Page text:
Over the years sustainability has played a big factor in how we implement our events, as they have a significant impact on the environment. If you follow our blogs closely, you’ll remember that I said in my 10 tips for managing your events blog that I will elaborate on sustainability – here it is.
Think about the carbon footprint of events – the amount of waste that is generated and the level of energy consumed to keep the lights and sound on. As someone who is energy conscious, and do (what I know is) my part in reducing, reusing, and recycling, I share my passion for sustainable event management and helping clients create eco-friendlier events and conferences.
Below are 5 areas you can focus on to play your part to reduce your event or function’s carbon footprint and make it more sustainable:
1| Reduce Waste
Waste is one of the most significant contributors to an event’s carbon footprint. To reduce waste, go digital. Start small by using digital invitations instead of paper invitations – ensure it is the kind of invitation your guests can RSVP on, and that there is little to no need for them to print it out. Take this a step further and use an RSVP app (or if budget allows, build one).
Catering is also a fundamental area you can reduce waste. If the theme or setup of your event or festival allows, use compostable or recyclable packaging. One up from this is to use reusable plates, cups and utensils.
2| Choose Eco-Friendly Vendors
Consider the environmental impact your vendors have when you select them for your next event. Choose vendors (where possible) who have a sustainability policy or who use eco-friendly products and services. When it comes to décor, we always opt for a florist who sources locally grown (or grows their own) flowers.
If you make use of a rental company, choose the one that uses energy-efficient equipment. We often ask our vendors to provide us with a sustainability report that outlines their environmental impact and how they plan to reduce it. You could even use the statistics as part of marketing your event (I mean, who doesn’t like to “do good” or “do their part”. Everyone enjoys a party, but what makes it even better is hosting an eco-friendly party).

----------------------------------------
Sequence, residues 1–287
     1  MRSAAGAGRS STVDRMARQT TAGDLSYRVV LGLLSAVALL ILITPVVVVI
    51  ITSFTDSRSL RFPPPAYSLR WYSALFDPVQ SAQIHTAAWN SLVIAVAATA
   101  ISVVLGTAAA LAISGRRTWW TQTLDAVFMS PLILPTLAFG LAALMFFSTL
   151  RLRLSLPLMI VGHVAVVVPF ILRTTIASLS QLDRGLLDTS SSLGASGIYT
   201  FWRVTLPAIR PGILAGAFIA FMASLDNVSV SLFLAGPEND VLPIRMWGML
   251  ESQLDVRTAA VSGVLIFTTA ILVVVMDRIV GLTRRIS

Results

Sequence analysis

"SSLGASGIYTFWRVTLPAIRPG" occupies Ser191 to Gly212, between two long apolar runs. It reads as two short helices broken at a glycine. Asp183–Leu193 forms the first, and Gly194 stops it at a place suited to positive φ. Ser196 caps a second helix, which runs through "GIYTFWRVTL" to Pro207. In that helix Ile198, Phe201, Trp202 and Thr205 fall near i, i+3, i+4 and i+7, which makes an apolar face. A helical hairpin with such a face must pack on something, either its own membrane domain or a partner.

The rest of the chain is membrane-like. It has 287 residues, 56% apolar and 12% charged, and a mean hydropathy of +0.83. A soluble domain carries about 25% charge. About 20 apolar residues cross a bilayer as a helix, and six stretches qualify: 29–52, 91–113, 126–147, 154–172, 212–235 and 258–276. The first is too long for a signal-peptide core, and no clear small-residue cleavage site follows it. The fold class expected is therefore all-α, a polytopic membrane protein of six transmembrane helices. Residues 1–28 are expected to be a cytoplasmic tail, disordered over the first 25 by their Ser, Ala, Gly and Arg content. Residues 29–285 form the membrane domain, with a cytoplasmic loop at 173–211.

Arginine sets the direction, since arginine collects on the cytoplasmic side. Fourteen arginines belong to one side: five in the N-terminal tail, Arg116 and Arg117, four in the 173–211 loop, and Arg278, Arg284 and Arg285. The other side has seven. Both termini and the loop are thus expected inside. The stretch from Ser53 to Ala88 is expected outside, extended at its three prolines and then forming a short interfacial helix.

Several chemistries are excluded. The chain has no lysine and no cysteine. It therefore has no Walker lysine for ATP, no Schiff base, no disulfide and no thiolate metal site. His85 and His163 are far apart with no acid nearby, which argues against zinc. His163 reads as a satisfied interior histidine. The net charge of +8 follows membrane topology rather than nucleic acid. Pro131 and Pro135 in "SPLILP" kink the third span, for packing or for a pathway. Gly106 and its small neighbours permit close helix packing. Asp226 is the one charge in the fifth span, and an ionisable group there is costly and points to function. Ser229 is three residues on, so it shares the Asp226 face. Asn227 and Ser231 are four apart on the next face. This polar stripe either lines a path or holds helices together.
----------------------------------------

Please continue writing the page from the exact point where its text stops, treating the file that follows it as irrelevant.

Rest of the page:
3| Incorporate Sustainable Practices into Event Planning and Execution
Most of us prefer to drive ourselves to events, dinners or gatherings. We don’t always realise the impact this has on the environment. Where and when possible, encourage carpools, public transport or shuttles. We have used multiple transport companies in the past, and there is always a solution for every budget. Some events may not even allow guests to drive themselves or are limited in terms of parking space. Ensure you communicate this in your event comms/marketing.
You can also make use of energy-efficient lighting and appliances, and make sure to turn off all electronics when not in use. If your event is outdoors, or the indoor venue has ample space outside, consider using solar-powered generators or renewable energy sources.
4| Donate. Donate. Donate.
After your event, consider donating any unused items. According to the Council for Scientific and Industrial Research (CSIR), in South Africa, 10 million tonnes of food go to waste every year. This accounts for around one third of the 31 million tonnes that are produced annually in South Africa.
We partner with various organisations to whom we donate food. Speak to your supplier and find out what their waste plan is for each event. Declaration and equipment can be donated to local charities, or you can find non-profit organisations to donate to. Not only does this reduce waste but also helps those in need.
5| Measure and Monitor Your Environmental Impact
It is essential that you measure and monitor your event’s environmental impact. Through the aforementioned reports, smart meters (smart meters provide detailed energy consumption in real-time without a technician’s services), and various environmental, social, and corporate governance (ESG) tools, you can keep track of your energy consumption, waste generation, and carbon emissions. This information can be used to identify areas for improvement and can be used set goals for future events. Again, this is great content to use for post-event marketing.
In conclusion, creating sustainable events requires a conscious effort. You have to commit to reducing your event’s carbon footprint. If you are interested and/ or conscious, get in touch with us. We’d love to work with you in reducing your carbon footprint for your next event.